This evidence was taken on November 5th 2003 at the World Nano-economic Congress, London, in the presence of Prof Ray Oliver, Nanotechnology Working Group member, and Dr Andrew Dunn of the Royal Society. The evidence was written up by the secretariat and has been approved by Dr. Robert Harrison.
Dr. Harrison noted that the key to defining nanoscience and nanotechnology lay in the different physical or chemical properties that materials have on the nanometre size scale. He saw the emergence of the terms nanoscience and nanotechnology to be mainly through marketing than scientific breakthrough.
Developments in nanotechnology IP
Dr. Harrison has observed a lot of patent applications in the area of sensors, and believed this to be evolving as a new area, particularly for sensors involving biological molecules. He has noticed patents on real-time offsite medical diagnosis already, however patents for new materials were not yet beginning to emerge.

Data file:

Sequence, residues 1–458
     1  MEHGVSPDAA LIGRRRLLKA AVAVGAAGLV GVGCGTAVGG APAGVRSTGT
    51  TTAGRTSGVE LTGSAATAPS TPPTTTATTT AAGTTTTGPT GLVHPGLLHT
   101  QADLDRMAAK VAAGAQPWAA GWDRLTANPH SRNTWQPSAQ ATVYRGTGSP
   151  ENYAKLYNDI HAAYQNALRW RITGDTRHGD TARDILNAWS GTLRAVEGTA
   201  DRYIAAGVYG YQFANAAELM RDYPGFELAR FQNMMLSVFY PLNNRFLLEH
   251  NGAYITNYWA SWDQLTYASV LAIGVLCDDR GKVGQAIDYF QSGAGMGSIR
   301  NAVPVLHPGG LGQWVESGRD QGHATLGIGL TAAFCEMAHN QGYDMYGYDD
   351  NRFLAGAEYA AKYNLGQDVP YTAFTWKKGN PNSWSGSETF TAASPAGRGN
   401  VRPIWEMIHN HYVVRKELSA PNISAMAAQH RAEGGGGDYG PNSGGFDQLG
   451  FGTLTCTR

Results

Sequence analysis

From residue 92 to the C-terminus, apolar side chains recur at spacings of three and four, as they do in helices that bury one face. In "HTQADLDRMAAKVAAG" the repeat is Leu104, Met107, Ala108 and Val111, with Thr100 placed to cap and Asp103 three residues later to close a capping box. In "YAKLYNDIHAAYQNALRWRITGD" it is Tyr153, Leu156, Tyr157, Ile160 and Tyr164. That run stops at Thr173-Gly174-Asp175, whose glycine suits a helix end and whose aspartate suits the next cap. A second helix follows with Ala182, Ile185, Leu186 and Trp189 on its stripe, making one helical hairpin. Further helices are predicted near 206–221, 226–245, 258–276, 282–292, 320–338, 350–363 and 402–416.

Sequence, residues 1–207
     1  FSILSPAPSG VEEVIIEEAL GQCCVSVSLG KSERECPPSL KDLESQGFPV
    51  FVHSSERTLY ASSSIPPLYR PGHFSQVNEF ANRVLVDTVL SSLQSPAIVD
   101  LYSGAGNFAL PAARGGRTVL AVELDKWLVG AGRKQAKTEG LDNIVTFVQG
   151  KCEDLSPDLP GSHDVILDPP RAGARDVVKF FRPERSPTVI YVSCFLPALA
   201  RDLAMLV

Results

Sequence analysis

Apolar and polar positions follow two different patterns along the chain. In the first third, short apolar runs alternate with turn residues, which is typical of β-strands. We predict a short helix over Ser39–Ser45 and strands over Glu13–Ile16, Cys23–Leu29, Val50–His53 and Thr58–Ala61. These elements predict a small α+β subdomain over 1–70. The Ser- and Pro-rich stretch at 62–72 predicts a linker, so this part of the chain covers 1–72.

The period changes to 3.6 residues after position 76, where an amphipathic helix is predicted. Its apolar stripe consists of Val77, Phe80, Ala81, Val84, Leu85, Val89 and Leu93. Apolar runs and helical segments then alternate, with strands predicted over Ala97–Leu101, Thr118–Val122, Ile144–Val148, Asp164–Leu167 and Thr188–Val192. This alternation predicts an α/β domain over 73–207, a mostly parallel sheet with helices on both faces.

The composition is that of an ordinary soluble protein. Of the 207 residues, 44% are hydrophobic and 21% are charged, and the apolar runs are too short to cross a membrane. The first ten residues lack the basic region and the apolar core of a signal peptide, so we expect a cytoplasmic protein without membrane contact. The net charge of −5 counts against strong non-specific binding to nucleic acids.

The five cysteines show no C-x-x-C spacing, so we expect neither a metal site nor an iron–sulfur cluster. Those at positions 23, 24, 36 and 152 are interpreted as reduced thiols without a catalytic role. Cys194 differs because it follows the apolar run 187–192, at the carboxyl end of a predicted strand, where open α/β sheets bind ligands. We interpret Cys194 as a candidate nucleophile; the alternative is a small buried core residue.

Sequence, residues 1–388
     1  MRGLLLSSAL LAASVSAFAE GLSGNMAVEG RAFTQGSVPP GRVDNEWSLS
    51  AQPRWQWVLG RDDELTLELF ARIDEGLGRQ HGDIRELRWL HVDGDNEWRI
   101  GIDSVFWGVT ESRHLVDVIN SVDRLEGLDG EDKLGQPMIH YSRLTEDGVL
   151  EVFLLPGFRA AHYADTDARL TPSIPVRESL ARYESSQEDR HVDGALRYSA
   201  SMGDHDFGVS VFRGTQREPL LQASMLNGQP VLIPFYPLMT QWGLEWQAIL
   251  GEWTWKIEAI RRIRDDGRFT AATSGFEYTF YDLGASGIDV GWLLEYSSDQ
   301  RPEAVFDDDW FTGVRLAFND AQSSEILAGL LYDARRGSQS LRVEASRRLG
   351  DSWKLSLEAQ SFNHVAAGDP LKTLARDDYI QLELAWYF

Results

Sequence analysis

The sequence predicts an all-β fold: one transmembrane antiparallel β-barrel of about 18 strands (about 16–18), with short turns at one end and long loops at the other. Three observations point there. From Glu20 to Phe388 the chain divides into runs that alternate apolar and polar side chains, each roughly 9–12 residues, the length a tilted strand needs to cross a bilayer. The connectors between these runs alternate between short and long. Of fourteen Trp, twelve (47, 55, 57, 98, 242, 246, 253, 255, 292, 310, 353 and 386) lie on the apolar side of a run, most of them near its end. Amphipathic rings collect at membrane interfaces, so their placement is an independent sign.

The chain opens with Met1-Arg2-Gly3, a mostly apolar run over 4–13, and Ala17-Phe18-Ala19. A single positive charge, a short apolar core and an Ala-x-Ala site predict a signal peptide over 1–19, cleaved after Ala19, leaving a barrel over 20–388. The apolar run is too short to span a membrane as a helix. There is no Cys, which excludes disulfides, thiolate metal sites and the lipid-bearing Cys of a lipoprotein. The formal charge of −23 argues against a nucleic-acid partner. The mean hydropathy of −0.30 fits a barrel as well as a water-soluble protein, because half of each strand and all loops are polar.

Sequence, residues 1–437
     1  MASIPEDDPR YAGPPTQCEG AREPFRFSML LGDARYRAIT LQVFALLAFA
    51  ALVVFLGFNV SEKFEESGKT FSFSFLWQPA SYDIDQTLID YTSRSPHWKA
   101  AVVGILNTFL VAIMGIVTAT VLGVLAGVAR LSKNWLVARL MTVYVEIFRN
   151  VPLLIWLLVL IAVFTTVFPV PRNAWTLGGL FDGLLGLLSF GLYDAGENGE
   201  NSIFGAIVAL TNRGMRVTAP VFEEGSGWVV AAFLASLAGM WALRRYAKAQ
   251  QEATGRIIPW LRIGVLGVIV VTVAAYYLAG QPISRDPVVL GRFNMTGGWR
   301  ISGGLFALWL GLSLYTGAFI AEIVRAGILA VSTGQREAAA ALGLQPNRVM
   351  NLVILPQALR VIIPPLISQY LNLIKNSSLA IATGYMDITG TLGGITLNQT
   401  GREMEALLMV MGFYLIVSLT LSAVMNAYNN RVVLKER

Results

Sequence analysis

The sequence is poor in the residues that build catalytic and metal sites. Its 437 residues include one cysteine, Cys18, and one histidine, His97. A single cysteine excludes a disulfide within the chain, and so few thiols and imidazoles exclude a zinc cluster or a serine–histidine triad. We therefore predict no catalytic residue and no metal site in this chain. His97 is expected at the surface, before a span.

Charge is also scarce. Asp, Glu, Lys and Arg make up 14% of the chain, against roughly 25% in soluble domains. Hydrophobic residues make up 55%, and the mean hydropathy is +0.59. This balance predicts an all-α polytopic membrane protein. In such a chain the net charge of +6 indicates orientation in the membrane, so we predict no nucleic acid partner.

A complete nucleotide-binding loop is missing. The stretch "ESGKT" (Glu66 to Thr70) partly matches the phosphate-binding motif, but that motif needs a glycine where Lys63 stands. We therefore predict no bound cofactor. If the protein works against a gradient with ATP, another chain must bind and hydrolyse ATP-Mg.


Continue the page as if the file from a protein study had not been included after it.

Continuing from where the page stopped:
Environmental, ethical and social issues
Dr. Harrison felt that the majority of small companies had not thoroughly thought through the effects of nanotechnology, and the implications of this on the environment, society and indeed corporate liability. His experience was that some had acknowledged concern only.